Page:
The joy of bringing people together
Bullcreek, WA local Monika, says she was keen to build community unity and her neighbourhood connections when she came across Neighbourhood Connect as a tool to support her ideas. With invitations in hand Monika doorknocked the neigbourhood, inviting people to her open house and was delighted with the response. A total of 39 attended the event including her family, 24 neighbours as well as friends and colleagues
Monika says the highlights were: the number of neighbours attending, the joyful atmosphere that was felt by all attending, the expressions of gratitude from the neighbours and their enthusiasm to further develop community on the street. The friendly interaction of neighbours with each other and even the disappointment of those unable to attend this time but wanting to attend an event in the future, gives optimism for lots of future postive neighbourly connections in Bullcreek!
The snowball effect of connection
Scott from Nedlands WA, has been bringing people together since 2017 and connections are organically building as a result. Scott says of his motivation…”In a time when people are more connected (online) than ever before more and more people are suffering from loneliness and isolation, getting neighbours together is a way of forming bonds and breaking the isolation.
Since the first Christmas party in 2017 the group has had plenty of follow up parties and events. A number of connections have been made and now thanks to the parties many families in the area have started a kids play-group. There have been many friendships formed from the parties and this will only improve over time. For each party Scott letterbox drops the six streets in the area (around 550 houses) and puts up signs at the main entrances to encourage new people to come. On the flyers he always asks people to invite their friends/family and neighbours. On the night he puts out a table, chairs, esky, lights, music, sign in sheet, name-tags and brings along some chalk and games for the kids. For the Christmas party this year, he is considering a treasure hunt.
Scott’s experience shows that once you take the first step, wonderful new connections can unfold!
An unlikely club building community connections
Your community may be your best ally against loneliness
You would be forgiven for thinking the Vintage Car Club was all about shiny old vehicles and passionate tinkerers… but this club is not what you think.
The Vintage Car Club is a neighbour group in McCrae, on the Mornington Peninsula in Victoria, named after their local streets, all sharing vintage car names. You’re more likely to see these group members chatting over the fence or sharing a glass of wine than polishing their hubcaps, and that’s just the way they like it.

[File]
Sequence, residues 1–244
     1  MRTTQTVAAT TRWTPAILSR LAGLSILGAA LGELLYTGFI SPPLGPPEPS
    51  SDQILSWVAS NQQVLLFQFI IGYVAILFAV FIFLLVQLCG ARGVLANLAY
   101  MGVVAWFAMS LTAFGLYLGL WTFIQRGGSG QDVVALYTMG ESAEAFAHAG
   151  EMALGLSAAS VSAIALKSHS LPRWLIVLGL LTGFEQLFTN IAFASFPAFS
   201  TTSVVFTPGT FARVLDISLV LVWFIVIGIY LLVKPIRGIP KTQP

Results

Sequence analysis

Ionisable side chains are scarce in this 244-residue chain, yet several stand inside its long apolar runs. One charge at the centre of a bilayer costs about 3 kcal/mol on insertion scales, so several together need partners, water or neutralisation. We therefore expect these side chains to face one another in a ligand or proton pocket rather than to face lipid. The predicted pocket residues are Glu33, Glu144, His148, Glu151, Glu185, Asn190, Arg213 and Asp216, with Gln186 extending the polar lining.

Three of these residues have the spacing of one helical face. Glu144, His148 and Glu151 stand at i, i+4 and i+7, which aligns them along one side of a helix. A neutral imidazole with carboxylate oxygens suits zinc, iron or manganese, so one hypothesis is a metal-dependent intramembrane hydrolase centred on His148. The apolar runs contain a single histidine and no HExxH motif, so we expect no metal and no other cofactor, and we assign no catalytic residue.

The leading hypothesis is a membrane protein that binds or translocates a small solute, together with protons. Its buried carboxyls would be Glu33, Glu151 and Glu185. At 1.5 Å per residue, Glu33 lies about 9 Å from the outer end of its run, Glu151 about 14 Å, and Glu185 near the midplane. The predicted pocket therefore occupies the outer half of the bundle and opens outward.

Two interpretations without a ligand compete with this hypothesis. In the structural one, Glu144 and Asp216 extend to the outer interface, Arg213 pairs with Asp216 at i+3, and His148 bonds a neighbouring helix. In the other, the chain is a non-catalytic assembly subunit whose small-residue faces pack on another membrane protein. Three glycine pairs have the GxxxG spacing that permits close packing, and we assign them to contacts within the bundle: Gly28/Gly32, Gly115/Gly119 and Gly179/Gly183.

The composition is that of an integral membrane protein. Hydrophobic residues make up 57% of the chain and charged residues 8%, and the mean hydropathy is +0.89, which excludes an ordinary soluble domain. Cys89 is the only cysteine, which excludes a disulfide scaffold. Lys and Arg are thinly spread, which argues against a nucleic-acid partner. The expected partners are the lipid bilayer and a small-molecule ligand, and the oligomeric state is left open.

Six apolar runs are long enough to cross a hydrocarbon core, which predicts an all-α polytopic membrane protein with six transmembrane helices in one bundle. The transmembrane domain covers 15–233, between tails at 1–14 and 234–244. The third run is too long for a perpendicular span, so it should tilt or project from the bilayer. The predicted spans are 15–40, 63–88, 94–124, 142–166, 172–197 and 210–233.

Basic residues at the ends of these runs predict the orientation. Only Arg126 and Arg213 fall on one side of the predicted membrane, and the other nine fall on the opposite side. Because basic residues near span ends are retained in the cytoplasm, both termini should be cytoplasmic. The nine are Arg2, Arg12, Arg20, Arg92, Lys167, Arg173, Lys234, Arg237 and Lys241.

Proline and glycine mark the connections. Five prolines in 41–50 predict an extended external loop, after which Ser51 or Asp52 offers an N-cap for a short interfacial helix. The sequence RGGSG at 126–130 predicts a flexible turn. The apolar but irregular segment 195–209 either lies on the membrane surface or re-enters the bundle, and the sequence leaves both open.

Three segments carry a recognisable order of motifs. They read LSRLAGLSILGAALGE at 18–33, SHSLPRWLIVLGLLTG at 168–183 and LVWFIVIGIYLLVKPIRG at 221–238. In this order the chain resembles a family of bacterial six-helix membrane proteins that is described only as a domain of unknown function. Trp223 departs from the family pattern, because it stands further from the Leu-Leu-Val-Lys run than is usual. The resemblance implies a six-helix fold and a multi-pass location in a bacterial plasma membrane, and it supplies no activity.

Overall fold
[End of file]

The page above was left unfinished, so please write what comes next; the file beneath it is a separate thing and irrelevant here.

What turned this area into a blossoming community was 60 initial letterbox invites, leading to 20 attendees at that first meeting. In just over two years, these former strangers, along with new additions, have built ties that enrich their lives on a daily basis.
People who live alone have found a strong system of support against their loneliness and more often than not, there is someone to join you on a walk, go to water aerobics with or have a laugh with on the other side of your fence. Jenny McCarthy, the local Connector who got the group started and now gathers people monthly for social occasions, shared some of the positive outcomes from her group.
“We have been going for just on two years now and are still attracting over 20 people to each event. As we are all retired people, we don’t get involved in neighbourhood clean-ups or community projects, however we are very active as a group on a social level. We keep it simple by going out to cafes or restaurants or having bbq’s at each other’s homes. As we age it is very important to maintain social interaction with our neighbours. We all feel confident in calling on each other for help with things like house-minding, collecting mail or mowing front lawns if we go away. We also help with getting to medical appointments, preparing meals or shopping if incapacitated.
The formation of our neighbourhood group has created a wonderful sense of community and friendship amongst us all. We all feel safer in our locality and confident that our neighbours would come to our aid in an emergency situation.”
Bumping into people, and liking it…
Going on three years now, the St Kilda West Neighbourhood Connect Group has cultivated a community that gives its members a sense of home and belonging, not just a coincidental similarity of addresses. Catch-ups, walks, movies, and just “giving each other a hand” are all part of it, says Clare, who is grateful for the lovely people and new friends she has met as a result of this neighbour group.
Indeed, this Melbourne-based suburban community has been a boon for people in different situations. Sara recalls, “When we were younger, there were easy ways to meet people. Now it’s harder. We’re new here and were so happy to get the invitation to meet our neighbours. It’s great for us.”
There are also those anticipating big milestones. According to Barb, one of the earliest members and a connector in the group, living in a closely-knit neighbourhood has given her a system of support outside work and family. The relationships she has built with her neighbours are of added value to her life, as she prepares for her retirement in a few years. Barb also dispels the notion that neighbourly connections need remain superficial, restricted to how-do-you-dos and asking for favours. She insists that her group brought about a new “depth of knowing people, having more personal conversations.”
While the eye-averting majority that live among strangers might find it puzzling, for the lucky few in connected communities like Barb, knowing more neighbours is a win-win “It’s great bumping into people I know and having a chat.”